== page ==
Myung has not remained the same after her experience with the program; she has decided that it is time for her to contribute to social justice promotion by sharing her resources with those in great need just like her father’s plight for others even with the little he had.  Recalling how she came to the USA just with as little as $1000 in 1987 that was just as enough to pay a onemonth rent, buying a few groceries, and about $50 for any emergency fund, and looking at the strides she has made in life from support extended by other people, she feels it is time to go beyond her career and begin supporting social justice work.

Myung and her husband have decided to start a family foundation that she explains will be a vehicle for supporting those in great need in the greater Washington area and internationally. "My father did not wait to have a lot to share, yet he touched lives of many families, so, we are firm about giving back to the community since other community members have been there for us as a family", Myung casually narrates with a smile on her face.  "Our children have grown, with our daughter now 27 years, and our son aged 24, we feel the pressure to earn and save to support them has reduced", Myung adds. She narrates how if it was not the learning acquired from the doctoral program, she would never realize how much of a change maker she would be in promoting social justice through her leadership and resources.

The focus of Myung’s family foundation named SKY (Support Kids and Youth), will majorly support girls in need with respect to education access locally, and internationally. Myung looks back and recalls how far she has come now with this vision, and is very enthusiastic about disrupting the marginalization, and inequity issues pertaining to girls’ access to education and improving the livelihoods of those in the care of girls. Myung adds how the foundation is committed to supporting education of kids and youth to aim high, and work to realize their possibilities.

Alongside that, Myung’s foundation is committed to supporting mothers who are behind every kid's success. “I am a beneficiary of my mother’s vision, and dedication toward her children, and am looking forward to working alongside women as I reach the kids and youth in our foundation's work", Myung explains. "I have a drive and passion for educating women leaders because women can be more impactful”, Myung adds while sharing her passionate drive for social change.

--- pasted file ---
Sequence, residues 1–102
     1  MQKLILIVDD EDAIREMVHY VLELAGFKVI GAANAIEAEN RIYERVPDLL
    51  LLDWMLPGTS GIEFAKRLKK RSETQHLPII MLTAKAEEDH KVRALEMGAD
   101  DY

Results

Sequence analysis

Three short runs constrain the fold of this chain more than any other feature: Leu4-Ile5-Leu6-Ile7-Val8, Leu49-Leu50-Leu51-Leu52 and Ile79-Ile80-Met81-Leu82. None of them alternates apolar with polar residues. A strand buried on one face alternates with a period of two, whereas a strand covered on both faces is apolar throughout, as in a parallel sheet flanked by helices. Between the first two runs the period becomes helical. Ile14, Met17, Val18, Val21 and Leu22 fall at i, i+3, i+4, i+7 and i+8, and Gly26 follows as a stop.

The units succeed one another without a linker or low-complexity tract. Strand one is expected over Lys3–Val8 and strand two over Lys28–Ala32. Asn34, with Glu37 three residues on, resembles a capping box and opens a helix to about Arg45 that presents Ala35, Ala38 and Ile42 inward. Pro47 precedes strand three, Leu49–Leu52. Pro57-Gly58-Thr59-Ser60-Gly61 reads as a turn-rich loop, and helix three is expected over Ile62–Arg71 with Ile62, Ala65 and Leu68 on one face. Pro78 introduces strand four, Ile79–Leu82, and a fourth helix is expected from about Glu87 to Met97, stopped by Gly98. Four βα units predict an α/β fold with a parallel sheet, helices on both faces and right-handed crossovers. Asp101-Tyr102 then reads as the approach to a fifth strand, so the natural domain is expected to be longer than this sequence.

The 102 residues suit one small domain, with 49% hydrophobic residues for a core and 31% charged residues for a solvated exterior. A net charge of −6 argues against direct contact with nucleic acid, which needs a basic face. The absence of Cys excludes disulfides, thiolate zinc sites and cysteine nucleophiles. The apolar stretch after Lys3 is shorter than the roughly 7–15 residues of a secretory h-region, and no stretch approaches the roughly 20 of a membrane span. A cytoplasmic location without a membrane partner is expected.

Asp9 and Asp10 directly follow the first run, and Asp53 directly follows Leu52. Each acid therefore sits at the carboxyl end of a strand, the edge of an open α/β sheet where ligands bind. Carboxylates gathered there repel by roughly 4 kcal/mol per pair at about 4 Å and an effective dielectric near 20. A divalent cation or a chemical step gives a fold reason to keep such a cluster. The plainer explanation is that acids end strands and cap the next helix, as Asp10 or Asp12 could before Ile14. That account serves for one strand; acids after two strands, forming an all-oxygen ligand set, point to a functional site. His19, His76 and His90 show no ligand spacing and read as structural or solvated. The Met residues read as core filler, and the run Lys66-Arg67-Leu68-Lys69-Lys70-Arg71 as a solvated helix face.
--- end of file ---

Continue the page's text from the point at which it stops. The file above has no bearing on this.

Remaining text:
“I believe in social transformation that to me includes care about others, enabling others to live their lives well”. Myung adds.  She describes the catch word for her new family foundation, to be "Support People Aim High”, and expresses how their vision is to share with others what they have to enable them end oppression.  It is this drive that has pushed Myung to support College of Education Center for Social Transformation and Leadership (CSTL) because she believes that every doctoral student who graduates from the program have the capability to impact and change lives and the environment within which they work in order to accelerate social justice. “As a center that is aimed at training leaders, and providing opportunities for engagements on social justice issues, I feel much honored to be associated with it alongside my foundation dream”, says Myung.

Myung’s story is just one among the many other graduates of the EDLR program. Her story articulates the bigger vision of the program of creating leaders who are prepared to lead with a passionate commitment toward transformative social change globally. As Myung progresses in her career, and with her strong networking skills that places her high in cultivating relationships with government, community members, industry leaders, her dream to growing her social justice efforts through her foundation is a possibility. It is stories like these that paint a picture of the breadth of our EDLR program at the College of Education.